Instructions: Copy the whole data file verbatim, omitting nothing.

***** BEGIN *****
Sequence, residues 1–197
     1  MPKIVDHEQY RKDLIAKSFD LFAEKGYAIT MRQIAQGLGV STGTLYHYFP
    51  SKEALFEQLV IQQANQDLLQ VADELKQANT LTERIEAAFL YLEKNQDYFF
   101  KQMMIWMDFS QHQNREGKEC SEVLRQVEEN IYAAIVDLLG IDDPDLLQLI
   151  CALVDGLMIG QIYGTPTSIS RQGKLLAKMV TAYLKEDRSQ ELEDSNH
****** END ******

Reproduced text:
Sequence, residues 1–197
     1  MPKIVDHEQY RKDLIAKSFD LFAEKGYAIT MRQIAQGLGV STGTLYHYFP
    51  SKEALFEQLV IQQANQDLLQ VADELKQANT LTERIEAAFL YLEKNQDYFF
   101  KQMMIWMDFS QHQNREGKEC SEVLRQVEEN IYAAIVDLLG IDDPDLLQLI
   151  CALVDGLMIG QIYGTPTSIS RQGKLLAKMV TAYLKEDRSQ ELEDSNH